One thing I haven't touched on yet is Williams' voice and... wow. It's a total marvel on a technical level. "Rabbithole" (formerly known as "Hole in the Ground") gives a broad view of what she can do. Soaring high notes, swooning low rolls, rapid triplets, and intoxicating harmonies all intertwine between the verses and choruses. Her transitions in tempo are so effortless you can barely tell how you got from one section to the other. Her smooth falsettos on "Garden," intertwining with a guest performance from Mista DC, channel the sensual undertones of the song. She might sound the most vibrant when she is singing about self love. She's infectious on "Dandelion," recounting waking up and feeling good and not picking up a phone call that she knows will only bring her negative energy into her life. "I'm so happy, can't wait see all I'm gonna be," she says, and later references "falling in love with the woman I'm becoming." It's empowering, lovely, and elating all at once.

That all of this ends with "Cross Pollinate," an ode to wanting to have a baby with a soulmate, is apt for the themes of the record. Falling in love with someone else and with yourself can be hard. But when you find both, it's natural for it to become something even bigger. To be so in love that you want to create life, how could there be something more romantic? Williams finds power dreaming of the day she and her lover finally have a child.

Williams is a young songwriter, but her maturity here is astounding. It's amazing to wonder how she'll continue to grow after Bloom, already exemplifying an astounding maturity on this EP. Her story will continue to unravel, but the snippets she's sharing here are timeless.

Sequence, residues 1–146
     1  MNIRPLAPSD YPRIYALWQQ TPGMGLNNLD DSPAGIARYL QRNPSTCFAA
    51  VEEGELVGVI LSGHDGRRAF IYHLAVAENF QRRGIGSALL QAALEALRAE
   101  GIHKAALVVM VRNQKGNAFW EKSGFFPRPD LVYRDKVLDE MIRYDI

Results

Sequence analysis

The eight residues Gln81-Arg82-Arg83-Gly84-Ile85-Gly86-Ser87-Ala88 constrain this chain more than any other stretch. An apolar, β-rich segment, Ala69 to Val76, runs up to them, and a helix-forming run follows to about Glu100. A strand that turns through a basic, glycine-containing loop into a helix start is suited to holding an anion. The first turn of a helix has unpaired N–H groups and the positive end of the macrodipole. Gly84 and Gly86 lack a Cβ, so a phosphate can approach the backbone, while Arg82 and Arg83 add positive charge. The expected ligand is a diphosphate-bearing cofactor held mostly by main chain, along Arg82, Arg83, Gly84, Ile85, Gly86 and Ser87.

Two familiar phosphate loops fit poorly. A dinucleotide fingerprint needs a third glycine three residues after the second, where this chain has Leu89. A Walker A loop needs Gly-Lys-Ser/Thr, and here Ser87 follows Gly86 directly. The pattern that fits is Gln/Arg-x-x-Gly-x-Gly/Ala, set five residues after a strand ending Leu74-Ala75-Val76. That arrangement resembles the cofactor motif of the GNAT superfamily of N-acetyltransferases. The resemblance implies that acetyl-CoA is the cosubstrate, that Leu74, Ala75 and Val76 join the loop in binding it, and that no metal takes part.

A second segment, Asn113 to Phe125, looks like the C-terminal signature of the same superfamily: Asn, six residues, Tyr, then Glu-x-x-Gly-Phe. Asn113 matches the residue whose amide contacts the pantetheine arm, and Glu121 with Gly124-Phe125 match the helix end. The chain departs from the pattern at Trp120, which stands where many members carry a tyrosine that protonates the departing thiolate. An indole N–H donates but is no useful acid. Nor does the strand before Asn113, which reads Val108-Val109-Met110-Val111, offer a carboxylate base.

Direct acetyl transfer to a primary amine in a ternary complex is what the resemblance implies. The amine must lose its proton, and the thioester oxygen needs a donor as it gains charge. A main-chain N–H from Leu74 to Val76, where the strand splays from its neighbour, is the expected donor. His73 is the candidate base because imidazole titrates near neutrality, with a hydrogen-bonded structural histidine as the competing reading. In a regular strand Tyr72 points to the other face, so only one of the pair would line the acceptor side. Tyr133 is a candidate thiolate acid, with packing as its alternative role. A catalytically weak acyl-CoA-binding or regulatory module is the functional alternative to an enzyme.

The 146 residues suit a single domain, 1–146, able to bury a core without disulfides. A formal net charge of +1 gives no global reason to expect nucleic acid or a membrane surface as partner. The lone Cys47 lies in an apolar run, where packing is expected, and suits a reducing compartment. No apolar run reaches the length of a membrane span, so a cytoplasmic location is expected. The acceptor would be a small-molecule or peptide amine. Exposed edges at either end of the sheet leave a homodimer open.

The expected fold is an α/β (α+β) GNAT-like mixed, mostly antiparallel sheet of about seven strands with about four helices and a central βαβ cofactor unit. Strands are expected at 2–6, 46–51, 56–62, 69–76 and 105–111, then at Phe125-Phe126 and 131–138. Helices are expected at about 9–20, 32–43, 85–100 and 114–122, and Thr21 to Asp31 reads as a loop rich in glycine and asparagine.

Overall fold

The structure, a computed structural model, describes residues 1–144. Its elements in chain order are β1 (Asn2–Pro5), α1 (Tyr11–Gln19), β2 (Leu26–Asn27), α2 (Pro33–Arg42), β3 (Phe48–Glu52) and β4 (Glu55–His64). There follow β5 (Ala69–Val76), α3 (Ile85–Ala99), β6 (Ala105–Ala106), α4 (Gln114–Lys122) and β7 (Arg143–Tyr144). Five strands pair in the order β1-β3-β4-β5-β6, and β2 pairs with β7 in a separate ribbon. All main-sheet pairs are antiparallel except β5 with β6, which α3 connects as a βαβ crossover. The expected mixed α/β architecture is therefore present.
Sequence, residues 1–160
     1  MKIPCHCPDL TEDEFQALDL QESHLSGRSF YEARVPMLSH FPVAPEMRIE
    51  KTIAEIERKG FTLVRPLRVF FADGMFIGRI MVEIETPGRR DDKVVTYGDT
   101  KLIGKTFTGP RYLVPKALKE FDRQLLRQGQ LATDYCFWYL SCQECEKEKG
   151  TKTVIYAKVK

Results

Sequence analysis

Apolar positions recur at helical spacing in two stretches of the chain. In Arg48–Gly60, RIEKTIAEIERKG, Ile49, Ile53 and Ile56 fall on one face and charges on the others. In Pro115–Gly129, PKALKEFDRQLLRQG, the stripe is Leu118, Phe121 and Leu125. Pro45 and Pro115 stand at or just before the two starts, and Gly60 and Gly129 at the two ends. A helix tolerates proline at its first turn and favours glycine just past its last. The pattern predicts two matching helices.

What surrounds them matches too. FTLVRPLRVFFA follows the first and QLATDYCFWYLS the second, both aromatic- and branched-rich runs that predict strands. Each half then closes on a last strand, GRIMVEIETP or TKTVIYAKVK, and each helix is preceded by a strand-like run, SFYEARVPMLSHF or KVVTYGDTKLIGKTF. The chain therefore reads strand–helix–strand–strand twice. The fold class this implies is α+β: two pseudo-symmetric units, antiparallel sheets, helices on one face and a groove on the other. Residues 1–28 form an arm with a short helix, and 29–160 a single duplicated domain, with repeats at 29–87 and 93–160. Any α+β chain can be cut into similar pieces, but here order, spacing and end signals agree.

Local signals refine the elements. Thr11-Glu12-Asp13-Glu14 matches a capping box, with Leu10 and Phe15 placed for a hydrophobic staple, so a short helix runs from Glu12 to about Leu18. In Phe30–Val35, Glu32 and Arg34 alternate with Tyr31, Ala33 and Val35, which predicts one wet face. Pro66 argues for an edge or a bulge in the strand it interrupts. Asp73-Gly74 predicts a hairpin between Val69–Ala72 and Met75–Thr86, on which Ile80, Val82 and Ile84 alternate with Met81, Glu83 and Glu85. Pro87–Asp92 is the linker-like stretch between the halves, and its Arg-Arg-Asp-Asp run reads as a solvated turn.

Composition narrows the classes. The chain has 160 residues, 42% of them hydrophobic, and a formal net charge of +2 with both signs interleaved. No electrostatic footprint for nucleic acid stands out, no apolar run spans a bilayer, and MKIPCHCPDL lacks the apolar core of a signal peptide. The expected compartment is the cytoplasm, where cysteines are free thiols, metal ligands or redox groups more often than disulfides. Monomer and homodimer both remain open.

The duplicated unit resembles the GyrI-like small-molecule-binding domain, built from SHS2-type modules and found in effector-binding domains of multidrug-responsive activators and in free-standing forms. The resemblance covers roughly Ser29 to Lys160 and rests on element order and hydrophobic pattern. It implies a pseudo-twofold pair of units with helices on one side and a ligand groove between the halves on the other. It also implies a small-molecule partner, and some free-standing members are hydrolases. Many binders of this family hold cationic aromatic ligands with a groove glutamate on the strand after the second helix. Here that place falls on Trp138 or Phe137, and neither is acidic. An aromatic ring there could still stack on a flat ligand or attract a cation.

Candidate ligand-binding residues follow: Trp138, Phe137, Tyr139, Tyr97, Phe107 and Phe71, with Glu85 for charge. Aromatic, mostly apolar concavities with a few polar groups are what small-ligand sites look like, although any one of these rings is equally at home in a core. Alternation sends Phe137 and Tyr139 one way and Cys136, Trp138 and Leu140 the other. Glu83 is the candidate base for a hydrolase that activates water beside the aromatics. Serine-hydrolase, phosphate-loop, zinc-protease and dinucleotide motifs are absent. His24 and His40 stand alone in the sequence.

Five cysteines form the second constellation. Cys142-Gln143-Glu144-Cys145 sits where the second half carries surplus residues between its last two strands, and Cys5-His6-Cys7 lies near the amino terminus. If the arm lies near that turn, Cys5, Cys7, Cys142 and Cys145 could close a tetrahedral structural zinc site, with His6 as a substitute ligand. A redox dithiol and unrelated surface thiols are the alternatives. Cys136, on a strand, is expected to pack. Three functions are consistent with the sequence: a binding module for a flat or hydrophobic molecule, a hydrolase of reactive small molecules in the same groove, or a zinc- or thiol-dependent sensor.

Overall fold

Bloom is out tomorrow. Follow Parisalexa on Soundcloud, Facebook, and Twitter to hear the album when it comes out.






New and News


Advertisement Announces Debut EP, This is Advertisement, Shares "Cryin' Wild"

Earlier this week Help Yourself Records announced their latest signee, Seattle rockers Advertisement. The quintet is set to release their debut EP, This is Advertisement, on Feb. 23. Featuring members of Vacant Life and Nasti, the band's music is actually more outside of the hardcore realm than their past work might imply. On their first single, "Cryin' Wild," highlights the rollicking rock and roll sound the band is embodying. There's a nostalgic quality to the music, like a demo from a lost punk basement session. It's an invigorating listen with swooping melodies and undeniably catchy guitar licks.



Moon Duo cover Iggy Pop and Alan Vega on New 12-inch

Portland psych-rockers Moon Duo don't seem to take breaks. Last year they released two LPs, Occult Architecture Vol. 1 & 2, and already they're back at it again. Their latest experiment is a new 12-inch record covering two iconic punk legends: Iggy Pop and Alan Vega. Their covers of Iggy's "No Fun" first emerged from a version they did for the Stooges' frontman's 70th birthday for BBC6 while Vega's "Jukebox Babe" got in their heads from their sound engineer repeatedly singing the infectious melody. These new versions are as expansive, freaky, and wild as you might expect from such an adventurous band.




Live and Loud: This Week's Recommended Show


Jan. 25: Familiars, Michete, Biblioteka and Paisley Devil at Chop Suey



Jan. 25: Distinction Management Compilation Release with Raven Hollywood, Perry Porter, Michete, Ancient Mariner, Brakebill, The City Hall, and SEACATS at Kremwerk



Jan. 26: Timbrrr! Winter Music Fest with Cave Singers, Hobosexual, Y La Bamba, Great Grandpa, The Black Tones, and more



Jan. 26: So Pitted, Vomitface, and TERMINATor at The Central Saloon



Jan. 27: Naked Sessions featuring Tomo Nakayama and Little Spirits at Naked City Brewery & Taphouse



Jan. 27: GLUE Launch Party with Buje Mane, Taylar Elizza Beth, Sharlese, J-Nasty, and MK at The Cauldron



Jan. 28: ParisAlexa, Lunarbass, and jovani at Substation



Jan. 31: Lilac, AIAIA, and Leanna Keith at Stone Way Cafe